New Hopkins video studio ready for prime time
Still settling into their new home in the Keswick complex, staff at the Johns Hopkins Office of Communications now have something else new to get used to: electronic signs reading On Air above several doorways. When they're illuminated, someone on the other side is appearing live on NBC, CNN, the BBC, or some other media outlet.
The doors lead into the Johns Hopkins University Video Studio, which opened last month with the aim of ushering in a new era of video capabilities and outreach.
"We have such a wealth of experts on our campuses, and this lets them reach a much wider audience," says Len Turner, the university's new director of video strategy.
Broadcast outlets frequently reach out to Johns Hopkins faculty and administrators for input on stories. Until now, however, getting them on the air wasn't always easy. The School of Medicine has a small video space that could be used, but as often as not, filming was done in offices under problematic lighting and sound conditions. With the opening of this 1,000-square-foot studio, with soundproofed walls and the latest technology for patching into the networks, putting Johns Hopkins people on air has never been easier. There is even a special sound booth for radio interviews and audio recording.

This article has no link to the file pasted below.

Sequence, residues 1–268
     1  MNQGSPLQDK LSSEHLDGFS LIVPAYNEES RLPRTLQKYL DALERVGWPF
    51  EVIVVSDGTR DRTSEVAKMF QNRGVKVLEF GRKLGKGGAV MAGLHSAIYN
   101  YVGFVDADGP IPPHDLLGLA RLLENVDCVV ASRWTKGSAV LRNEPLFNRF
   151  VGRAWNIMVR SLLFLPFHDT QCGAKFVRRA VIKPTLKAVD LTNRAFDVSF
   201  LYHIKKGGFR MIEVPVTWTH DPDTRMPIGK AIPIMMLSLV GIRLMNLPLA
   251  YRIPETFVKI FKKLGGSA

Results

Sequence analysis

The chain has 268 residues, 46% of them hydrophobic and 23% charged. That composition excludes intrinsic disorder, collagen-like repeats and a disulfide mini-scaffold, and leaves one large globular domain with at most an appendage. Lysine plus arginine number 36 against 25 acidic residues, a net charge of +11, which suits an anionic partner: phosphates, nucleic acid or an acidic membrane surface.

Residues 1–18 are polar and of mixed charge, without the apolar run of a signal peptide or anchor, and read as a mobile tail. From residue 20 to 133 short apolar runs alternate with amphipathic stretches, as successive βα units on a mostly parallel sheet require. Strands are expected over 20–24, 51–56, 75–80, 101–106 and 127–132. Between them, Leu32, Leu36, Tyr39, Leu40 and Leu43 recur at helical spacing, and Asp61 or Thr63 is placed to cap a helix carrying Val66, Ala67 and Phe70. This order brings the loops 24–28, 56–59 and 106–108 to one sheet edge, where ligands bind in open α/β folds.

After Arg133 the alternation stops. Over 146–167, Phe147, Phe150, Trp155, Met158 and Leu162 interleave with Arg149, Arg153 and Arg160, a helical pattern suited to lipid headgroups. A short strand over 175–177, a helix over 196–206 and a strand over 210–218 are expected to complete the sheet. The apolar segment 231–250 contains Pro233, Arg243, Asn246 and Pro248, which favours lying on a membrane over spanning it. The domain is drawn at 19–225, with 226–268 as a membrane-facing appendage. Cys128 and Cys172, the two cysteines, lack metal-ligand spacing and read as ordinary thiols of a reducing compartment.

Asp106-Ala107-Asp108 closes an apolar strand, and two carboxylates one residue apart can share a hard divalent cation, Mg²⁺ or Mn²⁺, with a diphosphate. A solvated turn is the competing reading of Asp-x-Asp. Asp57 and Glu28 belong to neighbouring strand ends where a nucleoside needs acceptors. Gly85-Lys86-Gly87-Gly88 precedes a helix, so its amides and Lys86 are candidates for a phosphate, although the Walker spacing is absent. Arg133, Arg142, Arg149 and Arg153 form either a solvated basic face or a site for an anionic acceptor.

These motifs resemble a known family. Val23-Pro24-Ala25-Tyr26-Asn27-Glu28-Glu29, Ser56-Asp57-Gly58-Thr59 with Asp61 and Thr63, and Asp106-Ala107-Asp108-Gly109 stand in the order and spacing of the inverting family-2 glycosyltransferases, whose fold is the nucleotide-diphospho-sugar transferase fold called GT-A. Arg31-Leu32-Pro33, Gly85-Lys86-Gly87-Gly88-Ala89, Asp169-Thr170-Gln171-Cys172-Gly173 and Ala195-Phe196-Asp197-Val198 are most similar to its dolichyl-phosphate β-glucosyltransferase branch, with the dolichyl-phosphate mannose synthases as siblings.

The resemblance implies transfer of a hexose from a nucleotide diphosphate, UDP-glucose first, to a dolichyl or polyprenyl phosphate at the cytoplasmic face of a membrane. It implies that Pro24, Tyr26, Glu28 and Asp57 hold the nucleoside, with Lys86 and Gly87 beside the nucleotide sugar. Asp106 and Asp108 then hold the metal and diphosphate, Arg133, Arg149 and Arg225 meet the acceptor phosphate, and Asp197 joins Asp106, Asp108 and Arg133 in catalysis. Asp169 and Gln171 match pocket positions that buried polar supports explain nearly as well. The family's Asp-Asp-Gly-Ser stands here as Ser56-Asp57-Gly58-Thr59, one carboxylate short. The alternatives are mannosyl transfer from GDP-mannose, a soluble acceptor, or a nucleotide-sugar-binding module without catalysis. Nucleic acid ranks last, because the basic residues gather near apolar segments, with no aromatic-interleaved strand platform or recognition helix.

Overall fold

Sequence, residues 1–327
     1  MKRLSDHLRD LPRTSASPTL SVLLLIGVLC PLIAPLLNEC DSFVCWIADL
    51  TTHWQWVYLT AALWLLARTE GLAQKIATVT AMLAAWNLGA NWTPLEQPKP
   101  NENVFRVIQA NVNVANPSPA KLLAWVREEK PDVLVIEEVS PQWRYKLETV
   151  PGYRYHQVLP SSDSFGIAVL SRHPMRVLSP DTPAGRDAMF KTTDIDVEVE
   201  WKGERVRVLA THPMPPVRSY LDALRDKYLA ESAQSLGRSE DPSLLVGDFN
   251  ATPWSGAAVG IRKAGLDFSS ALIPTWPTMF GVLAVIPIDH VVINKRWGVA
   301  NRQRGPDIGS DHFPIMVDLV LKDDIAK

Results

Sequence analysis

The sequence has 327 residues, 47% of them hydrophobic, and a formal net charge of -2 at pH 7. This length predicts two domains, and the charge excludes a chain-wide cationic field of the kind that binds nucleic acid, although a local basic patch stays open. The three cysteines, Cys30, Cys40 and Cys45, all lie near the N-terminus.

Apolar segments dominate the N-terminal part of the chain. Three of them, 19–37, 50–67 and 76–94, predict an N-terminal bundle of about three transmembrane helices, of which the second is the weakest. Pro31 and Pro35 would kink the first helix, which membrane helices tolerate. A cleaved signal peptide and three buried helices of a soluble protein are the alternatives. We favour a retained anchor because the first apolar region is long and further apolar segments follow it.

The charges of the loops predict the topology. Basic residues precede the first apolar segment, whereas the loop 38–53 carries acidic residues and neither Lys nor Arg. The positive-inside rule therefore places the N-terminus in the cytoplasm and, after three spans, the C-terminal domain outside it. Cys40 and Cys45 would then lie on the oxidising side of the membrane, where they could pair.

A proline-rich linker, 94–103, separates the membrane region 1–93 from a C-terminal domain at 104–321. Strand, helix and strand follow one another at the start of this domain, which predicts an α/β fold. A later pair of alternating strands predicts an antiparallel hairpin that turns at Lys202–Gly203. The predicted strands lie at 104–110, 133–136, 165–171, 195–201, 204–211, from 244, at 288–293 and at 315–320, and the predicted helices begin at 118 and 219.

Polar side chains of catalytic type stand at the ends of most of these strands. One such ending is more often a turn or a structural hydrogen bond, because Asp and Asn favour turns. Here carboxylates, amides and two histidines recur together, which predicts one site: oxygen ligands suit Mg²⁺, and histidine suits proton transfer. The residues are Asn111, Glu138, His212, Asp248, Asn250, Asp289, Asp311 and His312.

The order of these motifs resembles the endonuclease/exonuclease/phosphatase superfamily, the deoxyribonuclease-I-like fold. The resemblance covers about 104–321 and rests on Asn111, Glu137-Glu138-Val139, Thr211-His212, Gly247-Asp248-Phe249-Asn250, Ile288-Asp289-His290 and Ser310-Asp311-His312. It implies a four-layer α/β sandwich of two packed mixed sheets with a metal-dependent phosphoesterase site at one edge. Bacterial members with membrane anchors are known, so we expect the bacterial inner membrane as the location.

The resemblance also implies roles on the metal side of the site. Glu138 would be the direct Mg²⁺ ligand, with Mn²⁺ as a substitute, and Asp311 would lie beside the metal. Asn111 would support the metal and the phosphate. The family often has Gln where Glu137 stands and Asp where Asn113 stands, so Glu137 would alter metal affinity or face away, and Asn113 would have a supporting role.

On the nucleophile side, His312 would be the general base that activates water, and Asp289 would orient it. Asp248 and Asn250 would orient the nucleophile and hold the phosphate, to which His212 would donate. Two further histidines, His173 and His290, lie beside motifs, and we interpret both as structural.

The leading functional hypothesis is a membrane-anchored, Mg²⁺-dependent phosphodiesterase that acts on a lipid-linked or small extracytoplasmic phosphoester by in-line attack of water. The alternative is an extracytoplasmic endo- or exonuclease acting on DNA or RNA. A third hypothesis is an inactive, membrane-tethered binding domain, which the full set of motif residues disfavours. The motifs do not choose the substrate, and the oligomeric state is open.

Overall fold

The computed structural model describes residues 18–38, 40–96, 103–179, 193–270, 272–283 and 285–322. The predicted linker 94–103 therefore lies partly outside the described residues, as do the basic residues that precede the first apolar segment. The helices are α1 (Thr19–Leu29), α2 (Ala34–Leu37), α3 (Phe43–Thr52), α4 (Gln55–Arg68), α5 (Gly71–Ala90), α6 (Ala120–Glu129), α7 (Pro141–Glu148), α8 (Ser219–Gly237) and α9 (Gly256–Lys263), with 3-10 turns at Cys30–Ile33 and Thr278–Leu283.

Beyond its broadcast capabilities, the studio has facilities, lighting, and multiple cameras for all types of video production. There is a large green screen, allowing creative backgrounds to be inserted into video projects. Parts of President Ron Daniels' recent end-of-year thank you video were shot here.
"There is a new focus on the strategic use of video," says Turner. "It's not about producing individual videos but developing a strategic plan for how we use video, who the audiences are, and how video benefits the university."
The studio is a resource for the entire university, and faculty, staff, and students interested in learning more about its use should email firstname.lastname@example.org.
"Once the word gets out, I think the Hopkins community will come up with many creative ways to use it," Turner says.